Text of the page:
Flying tips for you, that nervous wreck boarding the airplane.                     

          1:42 PM          /             Posted by katie bradford         /                

Oh, the joys of flying. Small chairs, cramped legs, tiny bags of peanuts (if you’re lucky, these days) and awkward conversation with the person trapped next to you. Then there’s being stuck in the middle or window seat, where you must tap the person next to you on the shoulder then squeeze past them, jamming your buns in their face every time you need to use the bathroom. And I don’t know about anyone else, but I personally love sitting next to that one person who ate too many beans before the flight.

These things, coupled with an acute fear of flying, make me a nervous wreck anytime I board an airplane. Luckily, there are several things I do to reduce stress and calm my nerves, so I don’t go shrieking down the cabin aisle in panic and end up back in my seat in chair restraints.*

1. Drink water instead of coffee, soda or alcohol. Alcohol will dehydrate you and make you feel worse (although there’s something to be said for drinking enough to knock you out so you’ll wake up just as your plane is taxiing the runway). Caffeine will usually make you jittery and more apt to lose your gourd if the plane hits turbulence.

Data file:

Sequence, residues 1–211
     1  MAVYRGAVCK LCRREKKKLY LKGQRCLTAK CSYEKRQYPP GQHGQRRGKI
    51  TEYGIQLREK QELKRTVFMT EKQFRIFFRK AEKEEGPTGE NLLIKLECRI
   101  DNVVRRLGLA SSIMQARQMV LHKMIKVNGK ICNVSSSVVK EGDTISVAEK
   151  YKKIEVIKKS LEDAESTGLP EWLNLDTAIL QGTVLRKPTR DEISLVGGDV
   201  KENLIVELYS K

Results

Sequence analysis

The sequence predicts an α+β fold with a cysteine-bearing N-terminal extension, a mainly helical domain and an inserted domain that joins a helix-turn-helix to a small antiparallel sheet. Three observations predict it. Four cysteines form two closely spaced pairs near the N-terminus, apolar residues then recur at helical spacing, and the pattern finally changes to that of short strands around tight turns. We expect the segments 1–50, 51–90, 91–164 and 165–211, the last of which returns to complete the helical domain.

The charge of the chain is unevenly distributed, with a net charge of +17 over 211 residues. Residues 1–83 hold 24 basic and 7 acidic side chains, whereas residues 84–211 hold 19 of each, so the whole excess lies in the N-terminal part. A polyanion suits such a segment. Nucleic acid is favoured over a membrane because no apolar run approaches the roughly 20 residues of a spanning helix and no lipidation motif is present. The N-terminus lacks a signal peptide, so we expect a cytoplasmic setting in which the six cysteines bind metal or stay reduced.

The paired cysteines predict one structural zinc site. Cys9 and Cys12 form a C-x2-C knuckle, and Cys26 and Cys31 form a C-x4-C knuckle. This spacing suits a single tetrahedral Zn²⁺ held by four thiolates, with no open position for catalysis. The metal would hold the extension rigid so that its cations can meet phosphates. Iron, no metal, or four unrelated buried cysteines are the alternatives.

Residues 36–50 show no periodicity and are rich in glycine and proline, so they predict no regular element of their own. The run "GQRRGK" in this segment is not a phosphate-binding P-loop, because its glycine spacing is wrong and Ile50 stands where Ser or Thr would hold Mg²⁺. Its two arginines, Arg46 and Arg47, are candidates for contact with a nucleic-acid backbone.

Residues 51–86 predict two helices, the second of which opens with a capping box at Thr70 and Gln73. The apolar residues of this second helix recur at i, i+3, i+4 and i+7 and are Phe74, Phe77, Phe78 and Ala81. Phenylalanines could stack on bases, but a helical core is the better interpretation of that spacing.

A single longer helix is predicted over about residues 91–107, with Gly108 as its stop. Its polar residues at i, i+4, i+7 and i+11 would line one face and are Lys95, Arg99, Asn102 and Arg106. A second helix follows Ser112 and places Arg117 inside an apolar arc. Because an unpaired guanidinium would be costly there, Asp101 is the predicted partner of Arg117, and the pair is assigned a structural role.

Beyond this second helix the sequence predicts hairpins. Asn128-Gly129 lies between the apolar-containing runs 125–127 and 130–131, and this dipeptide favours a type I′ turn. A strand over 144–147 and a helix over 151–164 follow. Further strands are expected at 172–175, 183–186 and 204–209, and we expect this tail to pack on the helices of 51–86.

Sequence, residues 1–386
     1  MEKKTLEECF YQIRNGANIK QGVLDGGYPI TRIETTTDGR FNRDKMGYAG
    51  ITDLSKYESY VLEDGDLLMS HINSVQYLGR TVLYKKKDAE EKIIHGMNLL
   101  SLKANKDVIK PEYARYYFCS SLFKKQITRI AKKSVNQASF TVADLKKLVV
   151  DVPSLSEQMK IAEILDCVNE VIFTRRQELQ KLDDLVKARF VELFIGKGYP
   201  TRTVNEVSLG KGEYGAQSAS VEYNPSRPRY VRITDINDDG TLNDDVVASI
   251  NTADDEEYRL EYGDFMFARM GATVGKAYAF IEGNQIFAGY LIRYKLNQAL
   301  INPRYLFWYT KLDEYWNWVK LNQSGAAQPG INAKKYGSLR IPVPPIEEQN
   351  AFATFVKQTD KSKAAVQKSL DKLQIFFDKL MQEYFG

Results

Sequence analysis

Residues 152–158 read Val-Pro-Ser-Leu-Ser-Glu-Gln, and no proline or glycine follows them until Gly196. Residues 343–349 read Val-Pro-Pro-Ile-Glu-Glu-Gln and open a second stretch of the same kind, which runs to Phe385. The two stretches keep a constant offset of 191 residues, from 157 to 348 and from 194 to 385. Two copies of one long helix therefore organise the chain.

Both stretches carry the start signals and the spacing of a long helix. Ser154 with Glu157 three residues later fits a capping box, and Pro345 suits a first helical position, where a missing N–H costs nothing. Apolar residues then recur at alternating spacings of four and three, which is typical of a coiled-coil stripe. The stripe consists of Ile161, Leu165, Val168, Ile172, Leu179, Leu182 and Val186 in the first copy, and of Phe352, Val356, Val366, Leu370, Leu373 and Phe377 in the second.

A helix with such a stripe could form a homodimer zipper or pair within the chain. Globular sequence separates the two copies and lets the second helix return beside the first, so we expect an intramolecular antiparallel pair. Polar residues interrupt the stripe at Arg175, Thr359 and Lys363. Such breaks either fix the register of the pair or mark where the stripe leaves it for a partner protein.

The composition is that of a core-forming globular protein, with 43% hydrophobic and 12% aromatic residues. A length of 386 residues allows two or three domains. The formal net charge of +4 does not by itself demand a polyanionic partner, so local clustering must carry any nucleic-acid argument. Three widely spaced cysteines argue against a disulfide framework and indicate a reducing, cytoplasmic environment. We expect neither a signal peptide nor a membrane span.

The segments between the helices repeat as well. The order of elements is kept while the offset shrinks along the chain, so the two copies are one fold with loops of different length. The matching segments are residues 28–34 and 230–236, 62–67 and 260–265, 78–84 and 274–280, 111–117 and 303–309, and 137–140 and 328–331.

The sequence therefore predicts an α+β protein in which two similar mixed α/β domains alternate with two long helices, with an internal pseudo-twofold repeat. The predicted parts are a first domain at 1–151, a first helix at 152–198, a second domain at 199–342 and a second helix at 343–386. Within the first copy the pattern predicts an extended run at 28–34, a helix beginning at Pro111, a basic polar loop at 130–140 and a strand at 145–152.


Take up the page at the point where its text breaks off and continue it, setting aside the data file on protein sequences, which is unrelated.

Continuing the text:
2. Bring something to keep your mind off flying. A good book, an electronic video game, an mp3 player. Try to avoid listening to songs about death and mayhem, if at all possible. If you choose to read, stick to something light, like a book you’d take to the beach, and not Chesley Sullenberger’s upcoming life story.
3. Take a stroll. If your body cramps up after awhile, you’ll be even more miserable. Even if you don’t have to go, walk to the bathroom just to stretch your legs and do some people-watching.
4. Wear comfortable clothes. If your waistband isn’t digging into your skin, you’ll feel a whole lot better. If you must emerge from the gate looking fresh and gorgeous, tuck a spare change of clothes into your carry-on and change in the bathroom before the plane’s final descent. Though be careful – one time my plane hit a spot of turbulence while I was changing my clothing in the bathroom, and I ended up looking like I’d peed my pants.
5. Choose your seat wisely. Seats in the middle of the airplane are affected by turbulence the least. Statistically, seats at the rear of the plane are safest in the event of a crash, according to the US National Transportation Safety Board. Exit aisle seats are also roomier, as long as you’re prepared to help out in an emergency.

Nerves or not, flying is arguably the best way to get around if you’re traveling long distances. Either make peace with it, and try to learn to sit back and enjoy, or be a miserable wreck on every flight. So far, I’m stuck with the latter, but trying hard to change. Instead of being nervous, try to instead focus on how incredible human flight is, like Comedian Louis CK, best summed up by his dumbstruck exclamation on the Conan O’Brien show: “You’re sitting in a chair … in the SKY!”

*As far as I am aware, air flight attendants do not physically restrain passengers just for being scared of flying. I took a bit of poetic license.





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